Dave Filoni: Yeah, if you want to know. Really, it was a stylistic choice. Knowing with the time we had and the speed we were going to move at, I instantly knew that photorealism wasn't an area that we were going to go to. That, as George said, already had been covered massively in the live-action features. And I came from a 2D animated background, where we use design and shape and color to just make animated characters all the time. I wanted to apply that type of thinking to the computer animation, which largely, even on a lot of big features that are done in computer animation are all very—the goal is photorealism. That wasn't really interesting to me because I had come from just a 2D drawing background. So I talked to the crew and I talked to George about "Well, let's just forget that and let's go in this direction, force the style," and that happened to be what George really wanted to do. We talked about sculpting with light and shadow and that's where you get the angles on the characters' faces. I was aware, and really afraid of, the kind of lifeless CG that you can wind up with, that I read about often in the press when people see a movie. So I thought by having artists hand-paint a texture all over the characters, that that would somehow keep the spontaneity that an artist provides, a fallibility, a flawless feeling of a little bit of painterliness on everything, even right down to the eyeballs. So it kind of came together with this new technology and my thinking from an older style. And in the end, the computer just becomes another type of paintbrush or drawing pencil. Sometimes I draw in pencil, sometimes I draw in sharpie. No one complains about the difference there, so now we have a new tool. We use the computer. And you see more and more artists now using that technique, using that device to create all kinds of paintings and drawings. So I think you're going to see a big outburst of that in animation as well over the next few years.
Q: Just a quick question for all of you. Did you feel at all that with this film that you had to give yourself a bigger challenge than maybe previous works that you've done, whether it's the Star Wars genre and the live-action, was there any kind of challenge and pressure there? 'Cause you're bringing this to a new generation of moviegoers. So ould you talk a little bit about that, whether this was a more challenging project for you than the other ones that you've done?
GL: Well, it's challenging. Art is a technological medium. All art is, and so a lot of it has to do with engineering, and trying to figure out how to create what you imagine. It is also a medium that is dictated primarily by any amount of resources you have available to you. If you're a pharaoh, you can build pyramids. If you're a shaman, you really only have a few pieces of chalk and a wall of a cave, and you have to work within that. Probably the most daunting thing we were trying to do, because we wanted to really push the limits and make what just started out as a TV show that was really beyond anything you've ever seen on television, to take feature animation, which costs twenty, thirty times what TV animation costs and do that for television, something that actually looked like feature animation for television—that was a challenge. Given enough time and money, anybody can create anything. But given a very, very, very restricted budget and very, very restricted resources, it's a challenge. So we had to build studios. We had to build a studio from scratch, train people from scratch, artists. Develop new techniques. I say, we did not make this in the normal way you make an animated feature.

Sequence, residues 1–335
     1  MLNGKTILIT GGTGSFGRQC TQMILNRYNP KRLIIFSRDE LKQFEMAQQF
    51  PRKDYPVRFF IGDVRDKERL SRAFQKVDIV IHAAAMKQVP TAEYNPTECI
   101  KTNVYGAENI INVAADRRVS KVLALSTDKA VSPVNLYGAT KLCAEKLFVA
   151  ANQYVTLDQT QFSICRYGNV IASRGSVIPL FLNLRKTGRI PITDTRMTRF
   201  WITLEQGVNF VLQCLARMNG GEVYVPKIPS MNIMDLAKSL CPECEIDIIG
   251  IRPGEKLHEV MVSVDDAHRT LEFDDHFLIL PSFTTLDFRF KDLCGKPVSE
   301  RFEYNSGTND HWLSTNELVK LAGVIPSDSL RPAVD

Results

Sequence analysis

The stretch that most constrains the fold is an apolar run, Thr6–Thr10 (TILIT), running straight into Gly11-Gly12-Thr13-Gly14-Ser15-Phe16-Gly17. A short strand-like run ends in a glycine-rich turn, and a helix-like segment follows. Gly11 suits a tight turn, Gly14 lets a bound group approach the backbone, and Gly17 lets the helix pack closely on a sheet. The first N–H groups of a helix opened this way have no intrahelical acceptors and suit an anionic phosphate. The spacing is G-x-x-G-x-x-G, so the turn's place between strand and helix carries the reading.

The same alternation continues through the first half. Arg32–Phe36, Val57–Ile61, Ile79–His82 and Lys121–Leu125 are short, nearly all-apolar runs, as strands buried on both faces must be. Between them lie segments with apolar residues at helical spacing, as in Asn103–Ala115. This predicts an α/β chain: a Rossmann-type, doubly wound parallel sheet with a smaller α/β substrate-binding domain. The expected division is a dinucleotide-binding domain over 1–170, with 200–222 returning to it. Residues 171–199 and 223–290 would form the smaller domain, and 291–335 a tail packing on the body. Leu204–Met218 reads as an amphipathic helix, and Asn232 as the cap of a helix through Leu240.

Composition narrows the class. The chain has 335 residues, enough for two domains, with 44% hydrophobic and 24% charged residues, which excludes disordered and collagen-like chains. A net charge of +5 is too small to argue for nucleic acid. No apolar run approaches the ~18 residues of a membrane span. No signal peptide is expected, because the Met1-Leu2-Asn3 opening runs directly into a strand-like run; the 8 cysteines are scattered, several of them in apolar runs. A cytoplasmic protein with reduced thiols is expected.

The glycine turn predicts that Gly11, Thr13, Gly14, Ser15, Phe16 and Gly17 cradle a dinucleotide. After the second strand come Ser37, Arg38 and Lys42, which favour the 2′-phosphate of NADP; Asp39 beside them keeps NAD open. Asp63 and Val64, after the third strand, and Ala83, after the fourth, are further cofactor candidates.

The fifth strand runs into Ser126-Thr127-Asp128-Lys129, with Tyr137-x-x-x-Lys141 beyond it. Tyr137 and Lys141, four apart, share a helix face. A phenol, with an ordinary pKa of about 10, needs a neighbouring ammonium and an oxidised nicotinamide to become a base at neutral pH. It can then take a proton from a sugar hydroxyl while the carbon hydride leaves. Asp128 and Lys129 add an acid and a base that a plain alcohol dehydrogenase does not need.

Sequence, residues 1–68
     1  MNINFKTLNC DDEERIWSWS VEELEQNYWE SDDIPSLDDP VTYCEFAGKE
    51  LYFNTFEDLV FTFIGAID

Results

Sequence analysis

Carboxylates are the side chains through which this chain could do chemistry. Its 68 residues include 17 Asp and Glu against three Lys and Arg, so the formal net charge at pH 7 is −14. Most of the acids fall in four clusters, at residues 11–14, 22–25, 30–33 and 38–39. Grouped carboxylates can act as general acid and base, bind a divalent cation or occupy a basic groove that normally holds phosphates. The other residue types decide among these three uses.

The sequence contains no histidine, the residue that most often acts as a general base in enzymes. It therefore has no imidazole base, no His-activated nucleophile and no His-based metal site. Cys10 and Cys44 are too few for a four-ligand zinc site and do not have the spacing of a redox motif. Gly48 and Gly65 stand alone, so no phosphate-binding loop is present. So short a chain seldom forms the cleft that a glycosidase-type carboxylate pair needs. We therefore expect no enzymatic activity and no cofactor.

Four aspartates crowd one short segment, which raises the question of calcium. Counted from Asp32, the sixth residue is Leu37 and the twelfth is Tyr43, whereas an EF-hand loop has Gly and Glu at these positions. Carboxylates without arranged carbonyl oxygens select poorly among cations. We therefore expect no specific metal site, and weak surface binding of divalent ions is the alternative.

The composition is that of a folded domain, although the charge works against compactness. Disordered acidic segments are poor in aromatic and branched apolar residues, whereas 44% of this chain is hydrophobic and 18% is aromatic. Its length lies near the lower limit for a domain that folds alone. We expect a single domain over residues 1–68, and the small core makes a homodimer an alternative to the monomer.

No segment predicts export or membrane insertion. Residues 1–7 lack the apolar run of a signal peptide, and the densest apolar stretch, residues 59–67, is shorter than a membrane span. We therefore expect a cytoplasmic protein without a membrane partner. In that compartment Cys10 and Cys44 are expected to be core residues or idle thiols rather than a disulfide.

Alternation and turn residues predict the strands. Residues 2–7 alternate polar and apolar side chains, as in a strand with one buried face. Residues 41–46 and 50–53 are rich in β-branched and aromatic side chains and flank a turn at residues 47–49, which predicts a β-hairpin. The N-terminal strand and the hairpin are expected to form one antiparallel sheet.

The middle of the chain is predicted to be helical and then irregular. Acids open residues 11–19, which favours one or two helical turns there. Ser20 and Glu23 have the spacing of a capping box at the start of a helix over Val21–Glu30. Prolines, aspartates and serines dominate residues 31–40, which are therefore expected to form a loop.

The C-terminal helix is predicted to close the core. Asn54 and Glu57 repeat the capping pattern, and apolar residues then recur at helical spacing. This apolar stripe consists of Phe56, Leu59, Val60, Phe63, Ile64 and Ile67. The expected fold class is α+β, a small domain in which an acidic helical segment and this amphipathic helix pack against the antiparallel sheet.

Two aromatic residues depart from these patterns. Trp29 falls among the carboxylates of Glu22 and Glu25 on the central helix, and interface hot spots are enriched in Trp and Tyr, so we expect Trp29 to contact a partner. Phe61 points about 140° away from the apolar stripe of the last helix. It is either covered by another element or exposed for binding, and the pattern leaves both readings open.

(Dave and Catherine laugh.)
GL: I took my Padawan here and I said, "We're not doing that anymore. Now you're entering the world of live action features and we're going to treat this like a live-action feature. We're going to rely on editing rather than storyboarding." And there's a lot of techniques we used that completely shifted the paradigm. It makes a different kind of animated film that relies more on cutting and editing than it does on storyboards and longer shots and that sort of thing. And that was a challenge and we still have a challenge. Everybody wants to go to what they know, and to change is really hard and to create something from scratch with new technology is really hard and to try to do something—y'know, we're trying to do the same thing in live action. I'm trying to do a live-action TV show. Well, the biggest problem is—I mean the biggest challenge, like here: this was a test for that. If we can do something that'll stand up to a feature and we did. I put it on screen and I said, "This is a feature." I said, "We did it. It's much better than we thought it would happen." And so now I'm trying to take Star Wars, which is a $50 million-an-hour adventure and do it for like $2 million an hour. That's a trick. That's a hard thing to do and have them look the same.
Catherine Winder: Well, it was definitely challenging. But the great thing is that the parameters, as George was saying, were limited, and I think that makes people be far more creative than if you have all the resources in the world and you don't have to think differently. And the great thing about working with George is he pushes us really hard to never settle and think differently. And I think the results come out far better than you'd expect.
Q: Some of the actors who appeared in the live-action Star Wars movies, such as Samuel L. Jackson, resprise their roles in The Clone Wars. Why weren't some of the other primary actors from the movies in this film? Was there any trepidation about doing this without having them participate?
CW: Well, when we started the project it was—as George said—initially a television series, and we needed to be able to work at a pace that was pretty rapid. And the way we write this is we rewrite, we change it, and we need to be able to access our actors pretty regularly. So it was hard to get all the actors that would be off on set, 'cause this pace is pretty intense.
Q: Even doing voiceover work? I thought that'd be one of the more easier things to do.
GL: Yeah, but you do it—
CW: No, not what we do.
GL: You do it all over, all the time.
CW: We do it all the time.